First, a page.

When set on manual exposure mode, my camera won't let me shoot faster than 250. i adjusted everything i could and it won't move. in the display screen, it reads x250. it's never done this before and i can't make it move/change. i was shooting baseball on a bright, sunny day with an iso of 200. should've been able to shoot around 5.3 @ 2000. any idea on what x250 means and how i can fix it? i don't think i've changed anything in the shooting menu that i can tell. can't find anything in the manual either.
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What shutter speed(s) are you using? What happens when you use a faster shutter speed? In the S and M modes you are responsible for setting the shutter speed, and you can set it to anything within the camera's range.
It may be your exposure combination. The blur is because your shutter speed is too slow. You did not say what you are photographing at night and without that information, I can only speak in generalities. It all depends on the light source. If you are taking pictures of illuminated signs, auto exposure modes might work great, but if you are shooting incident light rather than pointing your camera at the light source, I would use a tripod and use manual exposure. Adjust your ISO to a high number. That will allow a faster shutter speed to stop motion.
What Mode are you in? In many modes the +/- setting that is usually easily adjust on the camera is exposure compensation this has no effect on manual mode. If this is set to -2 many modes will take dark photos. If you shoot manual then ISO, F-Stop and Shutter speed are all you need.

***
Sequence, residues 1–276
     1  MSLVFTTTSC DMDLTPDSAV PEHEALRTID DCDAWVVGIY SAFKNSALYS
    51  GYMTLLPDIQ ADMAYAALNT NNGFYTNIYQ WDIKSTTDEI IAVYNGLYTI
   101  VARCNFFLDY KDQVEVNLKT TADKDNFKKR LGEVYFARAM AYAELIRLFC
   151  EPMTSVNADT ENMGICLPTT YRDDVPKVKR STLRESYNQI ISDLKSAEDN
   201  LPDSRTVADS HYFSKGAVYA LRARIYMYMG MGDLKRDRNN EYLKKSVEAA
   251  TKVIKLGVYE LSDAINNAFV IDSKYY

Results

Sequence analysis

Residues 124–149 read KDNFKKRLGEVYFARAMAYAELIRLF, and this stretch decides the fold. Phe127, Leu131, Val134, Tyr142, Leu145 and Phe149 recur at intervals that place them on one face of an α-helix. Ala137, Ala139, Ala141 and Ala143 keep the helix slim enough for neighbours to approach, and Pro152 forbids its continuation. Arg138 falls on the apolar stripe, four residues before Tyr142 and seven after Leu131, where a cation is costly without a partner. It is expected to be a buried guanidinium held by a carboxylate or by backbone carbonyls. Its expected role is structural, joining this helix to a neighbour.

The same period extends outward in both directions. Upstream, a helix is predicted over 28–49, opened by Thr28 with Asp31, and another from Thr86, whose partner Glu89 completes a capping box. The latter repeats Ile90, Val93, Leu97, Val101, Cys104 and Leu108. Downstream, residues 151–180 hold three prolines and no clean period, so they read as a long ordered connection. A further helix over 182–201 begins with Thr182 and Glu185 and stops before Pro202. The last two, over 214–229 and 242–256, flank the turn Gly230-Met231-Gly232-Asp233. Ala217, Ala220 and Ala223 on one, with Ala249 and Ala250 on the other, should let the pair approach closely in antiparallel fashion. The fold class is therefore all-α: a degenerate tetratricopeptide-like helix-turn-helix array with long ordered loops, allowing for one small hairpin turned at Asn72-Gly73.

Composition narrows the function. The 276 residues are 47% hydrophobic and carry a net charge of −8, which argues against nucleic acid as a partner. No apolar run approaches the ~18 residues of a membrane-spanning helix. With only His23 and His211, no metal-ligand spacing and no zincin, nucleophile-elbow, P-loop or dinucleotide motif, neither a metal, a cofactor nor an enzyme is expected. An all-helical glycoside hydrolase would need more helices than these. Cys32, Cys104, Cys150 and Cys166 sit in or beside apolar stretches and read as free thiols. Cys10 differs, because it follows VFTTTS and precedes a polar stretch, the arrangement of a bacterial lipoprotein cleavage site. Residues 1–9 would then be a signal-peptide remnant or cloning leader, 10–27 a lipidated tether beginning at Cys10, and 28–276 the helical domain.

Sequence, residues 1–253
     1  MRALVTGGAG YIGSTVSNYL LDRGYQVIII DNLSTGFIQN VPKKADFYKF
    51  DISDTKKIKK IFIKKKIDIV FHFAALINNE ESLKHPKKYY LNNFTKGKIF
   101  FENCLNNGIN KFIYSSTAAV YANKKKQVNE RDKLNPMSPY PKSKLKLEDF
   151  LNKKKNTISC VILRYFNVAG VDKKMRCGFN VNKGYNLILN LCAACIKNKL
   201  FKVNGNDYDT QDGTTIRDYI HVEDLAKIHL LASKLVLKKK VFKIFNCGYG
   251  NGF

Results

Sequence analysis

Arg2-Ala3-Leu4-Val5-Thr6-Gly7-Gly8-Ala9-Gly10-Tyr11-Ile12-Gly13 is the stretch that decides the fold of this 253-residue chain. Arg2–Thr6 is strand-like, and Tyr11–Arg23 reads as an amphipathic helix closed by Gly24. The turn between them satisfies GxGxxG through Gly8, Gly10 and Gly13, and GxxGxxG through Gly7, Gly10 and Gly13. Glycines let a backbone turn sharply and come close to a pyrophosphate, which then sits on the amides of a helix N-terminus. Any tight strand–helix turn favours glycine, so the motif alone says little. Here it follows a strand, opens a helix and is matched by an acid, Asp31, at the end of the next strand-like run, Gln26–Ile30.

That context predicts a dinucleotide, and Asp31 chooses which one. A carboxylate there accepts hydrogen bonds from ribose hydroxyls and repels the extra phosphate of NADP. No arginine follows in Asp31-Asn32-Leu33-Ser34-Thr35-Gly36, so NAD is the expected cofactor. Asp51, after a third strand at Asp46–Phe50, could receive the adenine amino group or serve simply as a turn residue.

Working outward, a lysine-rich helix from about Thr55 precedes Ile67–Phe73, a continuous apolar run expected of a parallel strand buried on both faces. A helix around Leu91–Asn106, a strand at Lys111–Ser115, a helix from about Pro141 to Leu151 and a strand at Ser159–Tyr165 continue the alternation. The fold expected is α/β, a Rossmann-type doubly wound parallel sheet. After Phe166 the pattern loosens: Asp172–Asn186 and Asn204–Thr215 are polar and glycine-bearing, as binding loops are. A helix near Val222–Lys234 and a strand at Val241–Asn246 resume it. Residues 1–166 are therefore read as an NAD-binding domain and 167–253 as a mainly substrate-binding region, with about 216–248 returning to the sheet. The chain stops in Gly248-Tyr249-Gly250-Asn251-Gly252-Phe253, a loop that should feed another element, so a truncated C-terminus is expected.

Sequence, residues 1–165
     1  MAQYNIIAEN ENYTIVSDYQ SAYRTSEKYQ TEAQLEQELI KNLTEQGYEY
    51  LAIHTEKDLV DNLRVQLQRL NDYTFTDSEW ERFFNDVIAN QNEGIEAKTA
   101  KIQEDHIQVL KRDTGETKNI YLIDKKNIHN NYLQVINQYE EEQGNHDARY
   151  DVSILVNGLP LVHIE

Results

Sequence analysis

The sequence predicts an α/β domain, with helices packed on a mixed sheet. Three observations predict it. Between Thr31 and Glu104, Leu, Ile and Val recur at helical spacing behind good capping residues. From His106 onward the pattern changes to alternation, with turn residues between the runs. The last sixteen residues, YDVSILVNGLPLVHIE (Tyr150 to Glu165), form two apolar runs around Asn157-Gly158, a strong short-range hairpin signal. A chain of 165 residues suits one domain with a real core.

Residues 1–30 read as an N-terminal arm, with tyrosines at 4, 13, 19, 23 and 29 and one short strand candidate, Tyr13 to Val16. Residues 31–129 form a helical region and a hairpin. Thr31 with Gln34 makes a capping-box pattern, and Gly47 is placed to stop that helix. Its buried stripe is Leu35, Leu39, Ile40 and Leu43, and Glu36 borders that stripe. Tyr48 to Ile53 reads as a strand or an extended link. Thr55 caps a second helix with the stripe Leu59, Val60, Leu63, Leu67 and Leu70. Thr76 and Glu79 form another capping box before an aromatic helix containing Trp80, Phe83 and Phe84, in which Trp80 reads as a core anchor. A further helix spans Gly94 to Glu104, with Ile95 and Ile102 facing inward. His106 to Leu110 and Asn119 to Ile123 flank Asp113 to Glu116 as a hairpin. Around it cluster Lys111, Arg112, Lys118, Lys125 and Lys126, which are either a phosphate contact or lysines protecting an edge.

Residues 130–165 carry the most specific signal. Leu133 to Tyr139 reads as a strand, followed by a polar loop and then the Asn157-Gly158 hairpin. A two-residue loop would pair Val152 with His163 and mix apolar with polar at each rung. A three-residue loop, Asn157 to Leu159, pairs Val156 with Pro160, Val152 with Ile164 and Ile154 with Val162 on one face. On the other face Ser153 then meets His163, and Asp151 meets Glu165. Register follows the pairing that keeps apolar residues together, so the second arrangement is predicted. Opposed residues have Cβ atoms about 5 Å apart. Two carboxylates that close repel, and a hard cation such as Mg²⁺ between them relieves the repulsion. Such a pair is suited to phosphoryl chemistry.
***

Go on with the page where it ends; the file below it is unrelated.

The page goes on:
Maybe there is something wrong with your batteries? Replace them. I had the same experience with my D200 and a Nikon 18-200 lens, later with my Nikon 10.5, Sigmaa 135-400. After replacing the battery everything worked as ever.
You need to set the camera's shooting mode to one of the remote modes. Quick-response remote mode fires the shutter when you press the button on the remote. Delayed remote mode gives you two seconds to hide the remote behind your back before firing the shutter.
To choose a shooting mode, press the mode dial lock release and turn the mode dial to the desired setting.
Set it to a manual white balance colour temperature, 5200K being an average one to start testing at. Does this make a difference? If not, then the sensor, RGB lightmetering sensor or exposure board may be at fault. The peripheral area of most sensors is used for white balance metering, which denotes a sensor issue, although if the exposure board isn't reading this information correctly, then it will give varying results. However, Nikon's 420 pixel RGB sensor on the D200 may also be taking WB readings. I'll be talking to Nikon soon, but try manual settings first.